Updated: Sep 14, 2022
From 1999 to 2003 I became very well acquainted with Cambridge Memorial Hospital. I knew where all the departments were located, which entrance points were closest to the department we would have to visit, and I also knew which entrance points would have wheelchairs if Ota needed them. I knew where and how to contact all the professionals who were involved in Ota's case if needed. I was at his side so often, Ota’s surgeon teasingly asked who of the two of us spent more time in the hospital!
It’s draining when you accompany a loved one to the hospital who’s in pain and not be able to help other than just be with them, emotionally and physically. If Ota felt pain in the day, he would rest and hope it would become less or abate. Often time, rest did not make the pain decrease, nor did the problems go away, so most of our visits happened late at night, when we both should have been sleeping.
Ota also knew I worked during the day, so I wonder in hindsight if he waited until he knew I was free to go with him to the hospital. Though there were a few hopeful moments as time went on, the prognosis became less hopeful. Often I did not know what to say, but was also afraid to say the wrong thing. I felt like crying so many times. Most often I found words were not even required. But long silences are not my thing, and to distract and distance ourselves from what we were facing, we would engage in conversation.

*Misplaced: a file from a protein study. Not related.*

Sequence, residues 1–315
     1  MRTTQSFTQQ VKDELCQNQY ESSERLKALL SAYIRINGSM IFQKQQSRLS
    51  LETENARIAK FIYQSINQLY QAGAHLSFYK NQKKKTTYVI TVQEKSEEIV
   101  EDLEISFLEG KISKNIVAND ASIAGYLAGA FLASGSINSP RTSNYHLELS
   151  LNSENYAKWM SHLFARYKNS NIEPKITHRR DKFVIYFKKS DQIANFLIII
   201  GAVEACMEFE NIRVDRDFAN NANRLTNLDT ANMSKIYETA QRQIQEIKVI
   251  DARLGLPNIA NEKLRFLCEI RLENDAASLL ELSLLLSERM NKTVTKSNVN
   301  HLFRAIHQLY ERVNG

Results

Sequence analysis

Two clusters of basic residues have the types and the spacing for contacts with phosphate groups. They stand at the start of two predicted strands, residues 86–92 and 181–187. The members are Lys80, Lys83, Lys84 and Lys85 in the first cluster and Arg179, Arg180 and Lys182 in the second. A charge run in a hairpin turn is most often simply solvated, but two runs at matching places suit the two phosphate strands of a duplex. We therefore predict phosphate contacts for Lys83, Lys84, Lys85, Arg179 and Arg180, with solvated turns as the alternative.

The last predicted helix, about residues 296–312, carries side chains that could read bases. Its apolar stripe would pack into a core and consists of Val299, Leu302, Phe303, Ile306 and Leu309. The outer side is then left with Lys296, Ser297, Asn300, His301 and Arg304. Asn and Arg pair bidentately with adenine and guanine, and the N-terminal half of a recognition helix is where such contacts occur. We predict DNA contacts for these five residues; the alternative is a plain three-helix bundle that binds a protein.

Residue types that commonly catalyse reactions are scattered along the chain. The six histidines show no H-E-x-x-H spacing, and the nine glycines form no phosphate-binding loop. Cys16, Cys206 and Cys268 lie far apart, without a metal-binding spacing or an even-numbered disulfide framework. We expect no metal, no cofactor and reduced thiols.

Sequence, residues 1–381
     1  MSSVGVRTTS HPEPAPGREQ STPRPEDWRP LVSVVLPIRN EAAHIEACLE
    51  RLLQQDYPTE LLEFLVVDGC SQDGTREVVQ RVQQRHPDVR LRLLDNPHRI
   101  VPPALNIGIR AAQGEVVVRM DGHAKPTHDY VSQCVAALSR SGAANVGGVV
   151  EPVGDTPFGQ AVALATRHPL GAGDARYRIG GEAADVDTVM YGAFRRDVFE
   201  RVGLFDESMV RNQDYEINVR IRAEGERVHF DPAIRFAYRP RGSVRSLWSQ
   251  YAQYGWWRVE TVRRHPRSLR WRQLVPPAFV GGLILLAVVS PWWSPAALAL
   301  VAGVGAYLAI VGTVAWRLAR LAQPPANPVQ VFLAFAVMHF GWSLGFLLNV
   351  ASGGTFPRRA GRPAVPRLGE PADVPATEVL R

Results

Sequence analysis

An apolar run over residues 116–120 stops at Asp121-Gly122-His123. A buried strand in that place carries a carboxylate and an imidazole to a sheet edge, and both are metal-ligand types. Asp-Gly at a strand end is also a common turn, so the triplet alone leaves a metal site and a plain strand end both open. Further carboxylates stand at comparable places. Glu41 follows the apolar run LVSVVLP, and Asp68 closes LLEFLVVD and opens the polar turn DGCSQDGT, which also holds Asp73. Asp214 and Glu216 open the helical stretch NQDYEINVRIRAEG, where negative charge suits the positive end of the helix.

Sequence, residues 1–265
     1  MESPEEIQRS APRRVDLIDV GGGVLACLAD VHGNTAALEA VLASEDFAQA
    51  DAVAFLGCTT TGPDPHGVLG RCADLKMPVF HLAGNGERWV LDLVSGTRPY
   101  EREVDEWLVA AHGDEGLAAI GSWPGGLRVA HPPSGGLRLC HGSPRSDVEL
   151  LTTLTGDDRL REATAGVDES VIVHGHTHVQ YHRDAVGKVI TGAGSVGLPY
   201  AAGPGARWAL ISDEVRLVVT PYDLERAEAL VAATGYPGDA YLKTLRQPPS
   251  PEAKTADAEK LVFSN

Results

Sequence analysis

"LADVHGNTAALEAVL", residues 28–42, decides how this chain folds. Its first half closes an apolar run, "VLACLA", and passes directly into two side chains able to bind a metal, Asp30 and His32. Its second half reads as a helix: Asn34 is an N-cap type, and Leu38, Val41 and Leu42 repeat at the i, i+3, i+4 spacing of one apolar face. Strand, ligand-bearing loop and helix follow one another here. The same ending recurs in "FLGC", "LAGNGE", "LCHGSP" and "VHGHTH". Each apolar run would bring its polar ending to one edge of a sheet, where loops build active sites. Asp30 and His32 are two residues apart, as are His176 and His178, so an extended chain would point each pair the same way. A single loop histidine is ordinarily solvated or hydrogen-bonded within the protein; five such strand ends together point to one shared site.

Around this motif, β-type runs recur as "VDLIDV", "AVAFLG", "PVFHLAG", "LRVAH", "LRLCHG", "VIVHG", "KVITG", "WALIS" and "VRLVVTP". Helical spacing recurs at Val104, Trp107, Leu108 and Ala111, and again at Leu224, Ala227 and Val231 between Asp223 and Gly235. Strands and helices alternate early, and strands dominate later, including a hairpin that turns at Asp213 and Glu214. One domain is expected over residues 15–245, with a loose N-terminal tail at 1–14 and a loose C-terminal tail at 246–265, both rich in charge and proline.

Ota and I spent a lot of time together, going to and from appointments, in the car, waiting for our appointment times, getting in and out of the car, it was sometimes difficult to make conversations as we were together, so much we were not watching current events, or movies, we did not have much of a social life, between his care and my work. So it was difficult to keep conversations fresh. Ota was not a gossiper, and it was not always the time or place to meet and talk to other patients. We were all aware we were strangers going through similar experiences as we were waiting for tests or to be called for surgeries. We knew we were similar to our pinched faces, shadowed eyes, and our quiet demeanour was reflected at us when our eyes met. Any televisions in the waiting areas were normally set onto news channels unless there were younger children, and then the media was set to child-friendly stations. Soft words of luck and encouragement were said as the patient's name was called, but there was a stillness that was difficult to breach.
It’s oddly comforting to know that we were not alone; others were experiencing hardships and possibly facing death as we were. We were not alone on the journey of facing death while wading through the challenges of living. In the waiting rooms, age, race, culture, gender, nationality, did not matter; we were all filled with compassion, understanding the anxiety of waiting and not knowing what will come. Everyone was quiet, contemplative, somewhat withdrawn. Words were scares, and murmured when the name of your loved one was called along with looks of support and a quiet “Good Luck!” Once loved ones were called you were left to your thoughts and devices, but I was never willing to go too far, and leave for too long. Everyone in the wait rooms were quiet, it’s often difficult to find the correct words of encouragement and support, especially when in similar situations. When words were not available to be found, holding hands, back and shoulder rubs and pats to physically comfort one another, was how we survived. The cancer progressed, we did too.